Moderate defects (such as reapplying topcoat over an intact primer layer). Follow the same sanding and cleaning procedure and precautions used to repair minor defects, then apply multiple coats of the production topcoat. Step-out each application to create a smooth transition from the repair area to the initial coat. To address the overspray between the wet paint and the cured paint film, spray a blending solvent past the overspray area using a small precision/finesse gravity-feed spray gun. This must be done within minutes of applying the topcoat. Spraying too much blending solvent will cause the blender to run. If this happens, wipe off the entire repair area, and respray the topcoat and the blending solvent. After curing via air-drying or infrared light, the part will require little or no polishing.
- During sanding, keep the sander flat to the surface to avoid making gouges.
- Clean the sanding area with IPA to remove sanding dust.
- Minimize the overspray of the topcoat so it lands on a masked area of the part or in the wet area of the repair.
- Polish only when the topcoat is completely dry.
Severe defects (such as removing paint and primer down to the metal substrate). Sand several inches in diameter around the defect, penetrating down to the substrate. Leave one to two inches of primer exposed on all sides of the area. If the exposed substrate is metal, spray the area with a metal surface conditioner and let it set for two minutes, then spray the treated surface with deionized water to offset the resulting chemical reaction (which forms the protective coating). Dry with a lint-free cloth. Apply several coats of primer using a small precision/finesse gravity-feed spray gun. Allow time for drying between applications and stepping-out each coat. Sand the overspray of the primer and wipe away any sanding dust with IPA before applying the topcoat. For the topcoat application, step-out each coat beyond the sand marks to avoid a “bull’s-eye” effect. As soon as possible, spray the blending solvent past the overspray area to create a smooth transition between the wet and dry areas. Cure and apply polish, if necessary, when the topcoat is completely dry.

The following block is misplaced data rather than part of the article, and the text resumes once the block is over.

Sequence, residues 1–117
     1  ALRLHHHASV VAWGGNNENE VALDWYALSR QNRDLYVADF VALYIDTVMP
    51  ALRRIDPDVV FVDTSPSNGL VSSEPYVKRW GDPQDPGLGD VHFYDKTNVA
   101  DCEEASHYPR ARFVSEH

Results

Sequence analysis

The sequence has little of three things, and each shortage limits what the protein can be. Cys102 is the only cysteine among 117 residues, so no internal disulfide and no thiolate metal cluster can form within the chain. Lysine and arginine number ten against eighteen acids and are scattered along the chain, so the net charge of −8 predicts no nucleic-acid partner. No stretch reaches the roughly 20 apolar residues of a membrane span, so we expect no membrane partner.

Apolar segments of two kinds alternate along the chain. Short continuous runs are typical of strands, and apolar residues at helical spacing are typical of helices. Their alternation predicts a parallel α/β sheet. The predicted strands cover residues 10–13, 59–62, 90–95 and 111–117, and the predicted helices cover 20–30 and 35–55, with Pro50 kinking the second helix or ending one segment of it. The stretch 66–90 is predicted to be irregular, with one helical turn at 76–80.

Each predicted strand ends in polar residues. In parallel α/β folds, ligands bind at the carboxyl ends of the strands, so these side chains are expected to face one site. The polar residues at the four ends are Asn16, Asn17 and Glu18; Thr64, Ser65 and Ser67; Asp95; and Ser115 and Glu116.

- Do not spray the blender during the primer application; cure the primer overspray and sand off the primer to eliminate overspray.
- If the sandpaper gums up, the primer is not sufficiently dry.
Along with providing high-quality parts to customers, paint shops are continuously seeking ways to improve efficiencies and be more cost-effective. Setting up and maintaining a spot-repair area achieves those objectives while providing arguably the biggest advantage: satisfied customers.
Michael Kowalski is a product manager of industrial coatings at PPG Industries. Visit ppgindustrialcoatings.com.
Masking is employed in most any metal finishing operation where only a specifically defined area of the surface of a part must be exposed to a process. Conversely, masking may be employed on a surface where treatment is either not required or must be avoided. This article covers the many aspects of masking for metal finishing, including applications, methods and the various types of masking employed.